ANI Photo | Senior Pakistan Tehreek-e-Insaf leaders to appear before Cypher Joint Inquiry Team

In line with a decision made by a cabinet subcommittee, senior leaders of the Pakistan Tehreek-e-Insaf (PTI), Shah Mahmood Qureshi and Asad Umar, will testify before a Joint Inquiry Team (JIT) led by the Federal Investigation Agency (FIA) on Monday, The Express Tribune reported.
The JIT is carrying out an investigation on the direction of the cabinet which alleges that former prime minister Imran Khan, his associates, and his former principal secretary prejudiced the national security and interest of the state by directly revealing classified information—a diplomatic cypher—without proper authorization, The Express Tribune reported.
It also accuses them of misuse and unauthorized retention of the cypher telegram.
Shah Mahmood Qureshi, PTI vice chairman and former foreign minister will appear before the team at 11 am on Monday at the FIA’s headquarters in the federal capital.
Asad Umar, former PTI secretary-general, will appear before the team at noon, The Express Tribune reported.
The JIT has also issued notice to PTI Chairman Imran Khan, who has been asked to appear before the probe panel on Tuesday at noon.
On March 27, 2022, ahead of a vote of no-trust that resulted in his ouster, Imran Khan pulled out a piece of paper from his pocket and waved it at the crowd attending a massive public meeting in Islamabad, claiming it was evidence of an “international conspiracy” being hatched to topple his government, The Express Tribune reported.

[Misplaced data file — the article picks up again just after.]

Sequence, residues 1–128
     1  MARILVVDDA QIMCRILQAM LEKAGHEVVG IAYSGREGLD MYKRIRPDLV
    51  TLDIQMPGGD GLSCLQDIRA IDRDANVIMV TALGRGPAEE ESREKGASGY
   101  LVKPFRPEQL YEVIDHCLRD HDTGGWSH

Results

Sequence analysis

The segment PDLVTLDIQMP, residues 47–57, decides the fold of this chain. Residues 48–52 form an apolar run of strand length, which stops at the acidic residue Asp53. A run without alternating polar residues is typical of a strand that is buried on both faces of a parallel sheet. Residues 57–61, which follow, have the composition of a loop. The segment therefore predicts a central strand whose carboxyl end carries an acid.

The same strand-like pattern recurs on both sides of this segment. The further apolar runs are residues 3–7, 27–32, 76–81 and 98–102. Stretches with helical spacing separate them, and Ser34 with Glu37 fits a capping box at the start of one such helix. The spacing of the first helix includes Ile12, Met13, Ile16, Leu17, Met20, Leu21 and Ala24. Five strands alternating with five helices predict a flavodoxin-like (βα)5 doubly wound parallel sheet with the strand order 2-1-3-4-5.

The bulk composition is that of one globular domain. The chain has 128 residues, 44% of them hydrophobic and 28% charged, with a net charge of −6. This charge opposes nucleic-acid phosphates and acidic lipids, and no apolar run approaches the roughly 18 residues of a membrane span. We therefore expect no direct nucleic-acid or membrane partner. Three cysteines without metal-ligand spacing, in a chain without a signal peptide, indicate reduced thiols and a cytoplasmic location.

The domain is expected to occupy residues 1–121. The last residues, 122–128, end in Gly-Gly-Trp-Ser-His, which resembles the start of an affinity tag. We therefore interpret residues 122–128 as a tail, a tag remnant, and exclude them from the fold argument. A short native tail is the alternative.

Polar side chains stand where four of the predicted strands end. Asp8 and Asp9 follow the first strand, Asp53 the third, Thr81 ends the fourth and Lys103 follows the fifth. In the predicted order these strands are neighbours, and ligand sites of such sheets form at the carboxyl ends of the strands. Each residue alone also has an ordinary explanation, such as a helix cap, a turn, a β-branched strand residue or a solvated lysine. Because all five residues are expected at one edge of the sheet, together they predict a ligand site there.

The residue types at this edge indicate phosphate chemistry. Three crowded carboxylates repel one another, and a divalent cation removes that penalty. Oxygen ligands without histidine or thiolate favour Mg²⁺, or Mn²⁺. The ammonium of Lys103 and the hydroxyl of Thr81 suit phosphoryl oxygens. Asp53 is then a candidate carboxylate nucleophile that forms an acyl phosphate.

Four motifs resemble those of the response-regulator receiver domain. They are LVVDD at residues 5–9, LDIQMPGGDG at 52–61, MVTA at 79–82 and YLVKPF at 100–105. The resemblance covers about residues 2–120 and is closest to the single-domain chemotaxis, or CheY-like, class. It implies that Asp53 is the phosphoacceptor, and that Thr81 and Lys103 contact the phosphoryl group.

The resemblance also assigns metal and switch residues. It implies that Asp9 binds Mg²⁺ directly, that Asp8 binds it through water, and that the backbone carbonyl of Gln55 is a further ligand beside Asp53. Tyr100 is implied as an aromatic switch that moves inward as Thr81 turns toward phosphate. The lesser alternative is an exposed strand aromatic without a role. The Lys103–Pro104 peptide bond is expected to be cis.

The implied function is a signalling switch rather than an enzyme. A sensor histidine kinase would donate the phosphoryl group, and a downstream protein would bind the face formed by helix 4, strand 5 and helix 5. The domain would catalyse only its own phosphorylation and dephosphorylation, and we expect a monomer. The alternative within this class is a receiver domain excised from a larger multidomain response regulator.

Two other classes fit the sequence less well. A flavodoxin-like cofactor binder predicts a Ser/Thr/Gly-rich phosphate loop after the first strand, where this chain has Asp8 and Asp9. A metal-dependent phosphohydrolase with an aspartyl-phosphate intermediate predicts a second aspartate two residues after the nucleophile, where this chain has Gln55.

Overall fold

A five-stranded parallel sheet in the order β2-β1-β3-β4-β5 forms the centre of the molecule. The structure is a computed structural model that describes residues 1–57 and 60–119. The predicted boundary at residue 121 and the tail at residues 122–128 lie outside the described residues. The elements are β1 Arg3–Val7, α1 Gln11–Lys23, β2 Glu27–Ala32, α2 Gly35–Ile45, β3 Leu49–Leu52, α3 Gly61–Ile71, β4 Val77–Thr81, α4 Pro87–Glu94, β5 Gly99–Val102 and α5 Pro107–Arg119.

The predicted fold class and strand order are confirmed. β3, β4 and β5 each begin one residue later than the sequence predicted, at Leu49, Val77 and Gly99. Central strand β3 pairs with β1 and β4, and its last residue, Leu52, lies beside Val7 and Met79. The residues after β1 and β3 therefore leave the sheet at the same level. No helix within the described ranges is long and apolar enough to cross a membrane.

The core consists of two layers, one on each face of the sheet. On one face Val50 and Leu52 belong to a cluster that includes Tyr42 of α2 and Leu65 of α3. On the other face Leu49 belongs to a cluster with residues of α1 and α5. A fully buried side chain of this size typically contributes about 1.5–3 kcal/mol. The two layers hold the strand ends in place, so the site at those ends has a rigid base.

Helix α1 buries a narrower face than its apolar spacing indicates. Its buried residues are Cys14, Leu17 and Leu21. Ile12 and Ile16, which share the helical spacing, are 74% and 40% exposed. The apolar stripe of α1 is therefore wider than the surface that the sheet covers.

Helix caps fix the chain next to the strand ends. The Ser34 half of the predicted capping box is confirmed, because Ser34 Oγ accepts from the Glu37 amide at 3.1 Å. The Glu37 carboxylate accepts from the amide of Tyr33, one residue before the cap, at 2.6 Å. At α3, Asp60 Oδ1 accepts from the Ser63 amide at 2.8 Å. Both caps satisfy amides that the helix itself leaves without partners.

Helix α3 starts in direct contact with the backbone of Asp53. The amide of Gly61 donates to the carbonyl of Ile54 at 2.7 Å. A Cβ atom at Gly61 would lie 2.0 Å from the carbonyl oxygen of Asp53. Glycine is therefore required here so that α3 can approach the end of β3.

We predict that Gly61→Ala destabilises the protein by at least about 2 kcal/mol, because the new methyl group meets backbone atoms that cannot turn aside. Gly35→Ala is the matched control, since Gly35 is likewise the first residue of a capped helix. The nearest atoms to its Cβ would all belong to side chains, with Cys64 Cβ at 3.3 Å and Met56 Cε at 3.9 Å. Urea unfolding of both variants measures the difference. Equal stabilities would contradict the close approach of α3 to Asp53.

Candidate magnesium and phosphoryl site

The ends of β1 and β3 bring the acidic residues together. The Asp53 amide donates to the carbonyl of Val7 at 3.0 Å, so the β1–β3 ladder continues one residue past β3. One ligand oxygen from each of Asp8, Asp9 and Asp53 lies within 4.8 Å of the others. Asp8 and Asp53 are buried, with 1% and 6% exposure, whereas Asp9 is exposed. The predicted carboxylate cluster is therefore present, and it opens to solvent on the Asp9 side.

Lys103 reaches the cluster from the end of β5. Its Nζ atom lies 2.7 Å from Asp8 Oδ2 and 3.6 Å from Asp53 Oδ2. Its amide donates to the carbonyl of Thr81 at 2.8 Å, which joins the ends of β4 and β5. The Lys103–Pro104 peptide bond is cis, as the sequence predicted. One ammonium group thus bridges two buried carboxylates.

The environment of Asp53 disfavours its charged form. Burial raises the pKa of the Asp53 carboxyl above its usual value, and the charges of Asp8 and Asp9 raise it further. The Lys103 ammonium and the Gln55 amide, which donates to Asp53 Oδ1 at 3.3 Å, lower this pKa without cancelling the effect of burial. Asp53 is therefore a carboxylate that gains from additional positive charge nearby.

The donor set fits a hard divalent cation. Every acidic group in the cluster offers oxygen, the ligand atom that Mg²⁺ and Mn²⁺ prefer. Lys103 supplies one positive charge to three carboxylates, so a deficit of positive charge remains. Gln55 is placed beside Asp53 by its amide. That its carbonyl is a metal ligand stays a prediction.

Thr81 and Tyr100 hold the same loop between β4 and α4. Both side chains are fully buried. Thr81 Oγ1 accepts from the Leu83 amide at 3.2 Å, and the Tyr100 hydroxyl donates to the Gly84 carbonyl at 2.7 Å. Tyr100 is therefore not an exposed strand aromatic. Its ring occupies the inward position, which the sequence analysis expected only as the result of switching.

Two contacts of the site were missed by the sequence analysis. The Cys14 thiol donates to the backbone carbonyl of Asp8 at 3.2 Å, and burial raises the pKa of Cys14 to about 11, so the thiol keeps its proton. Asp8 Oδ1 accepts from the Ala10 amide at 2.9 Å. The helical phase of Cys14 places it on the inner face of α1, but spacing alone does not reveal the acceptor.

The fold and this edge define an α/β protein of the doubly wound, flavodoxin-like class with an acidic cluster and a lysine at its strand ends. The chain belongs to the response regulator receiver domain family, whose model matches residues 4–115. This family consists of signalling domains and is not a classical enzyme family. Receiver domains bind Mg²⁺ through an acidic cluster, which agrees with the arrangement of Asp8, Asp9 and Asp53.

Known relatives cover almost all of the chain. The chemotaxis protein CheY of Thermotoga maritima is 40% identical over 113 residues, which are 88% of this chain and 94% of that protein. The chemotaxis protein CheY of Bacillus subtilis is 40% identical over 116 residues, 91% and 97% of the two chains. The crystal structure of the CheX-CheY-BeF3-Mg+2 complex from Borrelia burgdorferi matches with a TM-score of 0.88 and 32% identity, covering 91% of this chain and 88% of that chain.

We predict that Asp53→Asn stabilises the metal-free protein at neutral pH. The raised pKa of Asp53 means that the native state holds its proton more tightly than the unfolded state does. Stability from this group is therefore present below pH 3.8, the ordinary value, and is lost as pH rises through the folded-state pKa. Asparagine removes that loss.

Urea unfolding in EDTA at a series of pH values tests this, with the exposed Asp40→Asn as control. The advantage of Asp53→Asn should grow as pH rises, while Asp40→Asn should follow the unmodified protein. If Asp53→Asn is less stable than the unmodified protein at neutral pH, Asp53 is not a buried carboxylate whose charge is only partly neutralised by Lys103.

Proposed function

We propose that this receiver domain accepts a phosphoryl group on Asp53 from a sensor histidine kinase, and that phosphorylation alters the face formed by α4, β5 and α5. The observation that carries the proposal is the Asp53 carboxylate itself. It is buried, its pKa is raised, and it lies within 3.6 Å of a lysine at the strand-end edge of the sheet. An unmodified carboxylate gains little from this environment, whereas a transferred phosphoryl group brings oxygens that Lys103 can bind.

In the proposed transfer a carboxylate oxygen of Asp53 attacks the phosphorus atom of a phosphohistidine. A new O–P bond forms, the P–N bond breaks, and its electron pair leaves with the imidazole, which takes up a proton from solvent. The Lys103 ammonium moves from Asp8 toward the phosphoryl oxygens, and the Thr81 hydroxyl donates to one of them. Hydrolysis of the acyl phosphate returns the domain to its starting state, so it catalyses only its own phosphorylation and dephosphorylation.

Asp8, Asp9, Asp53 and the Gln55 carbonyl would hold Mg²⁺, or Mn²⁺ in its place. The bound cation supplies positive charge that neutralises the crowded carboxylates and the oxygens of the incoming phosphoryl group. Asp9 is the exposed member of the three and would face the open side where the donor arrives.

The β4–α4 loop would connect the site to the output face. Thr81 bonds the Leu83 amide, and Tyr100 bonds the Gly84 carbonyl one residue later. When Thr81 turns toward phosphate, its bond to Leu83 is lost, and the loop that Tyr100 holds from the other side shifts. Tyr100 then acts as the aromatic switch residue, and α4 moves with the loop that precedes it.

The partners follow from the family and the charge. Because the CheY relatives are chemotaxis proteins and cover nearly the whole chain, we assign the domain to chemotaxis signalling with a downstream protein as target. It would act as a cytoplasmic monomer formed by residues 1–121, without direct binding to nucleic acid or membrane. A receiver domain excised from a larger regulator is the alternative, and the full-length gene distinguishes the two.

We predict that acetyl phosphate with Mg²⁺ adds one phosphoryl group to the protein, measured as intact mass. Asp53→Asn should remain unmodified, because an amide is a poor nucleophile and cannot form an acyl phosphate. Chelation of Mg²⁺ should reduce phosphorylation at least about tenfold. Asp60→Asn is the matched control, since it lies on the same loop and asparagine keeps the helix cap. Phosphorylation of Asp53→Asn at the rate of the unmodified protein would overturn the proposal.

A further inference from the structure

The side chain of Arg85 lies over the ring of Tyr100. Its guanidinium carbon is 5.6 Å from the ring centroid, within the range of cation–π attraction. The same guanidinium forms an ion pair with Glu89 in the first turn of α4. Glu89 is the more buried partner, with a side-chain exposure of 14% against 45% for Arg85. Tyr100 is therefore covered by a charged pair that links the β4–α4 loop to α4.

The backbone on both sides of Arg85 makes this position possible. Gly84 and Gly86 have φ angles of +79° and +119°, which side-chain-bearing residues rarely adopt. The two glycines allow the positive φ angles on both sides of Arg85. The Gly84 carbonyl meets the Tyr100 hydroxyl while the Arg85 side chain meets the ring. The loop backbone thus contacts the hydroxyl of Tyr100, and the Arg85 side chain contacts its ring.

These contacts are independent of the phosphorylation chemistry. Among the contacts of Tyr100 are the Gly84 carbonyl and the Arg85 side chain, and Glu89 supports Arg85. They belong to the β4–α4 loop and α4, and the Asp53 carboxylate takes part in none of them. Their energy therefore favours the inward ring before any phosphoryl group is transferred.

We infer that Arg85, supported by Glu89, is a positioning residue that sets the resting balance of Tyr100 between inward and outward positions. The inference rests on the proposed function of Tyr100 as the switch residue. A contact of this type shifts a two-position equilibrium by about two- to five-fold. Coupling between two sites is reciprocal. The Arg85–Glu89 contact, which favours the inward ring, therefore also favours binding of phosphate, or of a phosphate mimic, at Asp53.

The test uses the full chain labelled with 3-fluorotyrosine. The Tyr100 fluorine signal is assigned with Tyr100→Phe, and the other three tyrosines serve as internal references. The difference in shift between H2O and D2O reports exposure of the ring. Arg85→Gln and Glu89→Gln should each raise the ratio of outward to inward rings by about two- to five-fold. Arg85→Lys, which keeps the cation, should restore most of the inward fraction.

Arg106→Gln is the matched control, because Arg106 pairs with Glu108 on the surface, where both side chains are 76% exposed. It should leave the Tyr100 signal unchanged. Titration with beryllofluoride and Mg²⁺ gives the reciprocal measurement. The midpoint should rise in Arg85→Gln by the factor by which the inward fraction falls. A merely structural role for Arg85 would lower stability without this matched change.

Addressing the nation on March 31, 2022, the former premier discussed the “threat letter” that purportedly showed “evidence” of a foreign conspiracy to oust his government.
Then, in what appeared to be a slip of the tongue, he had named the United States as the country behind the threat. “…the letter stated that the no-confidence motion was being tabled even before it was filed, which means the opposition was in contact with them,” he alleged.
He said the memo was against him, not against the government. “…it stated that Pakistan will be forgiven if the no-confidence motion passes. If not, there will be consequences.”
Imran Khan claimed it was an “official letter that was communicated to Pakistan’s ambassador, who was taking notes during the meeting.”
Last week, on July 19, former prime minister Imran Khan’s then-principal secretary Azam Khan allegedly gave testimony before a magistrate, terming the US cypher a “conspiracy” used by the former PM “for creating a narrative against establishment and opposition.” (ANI)

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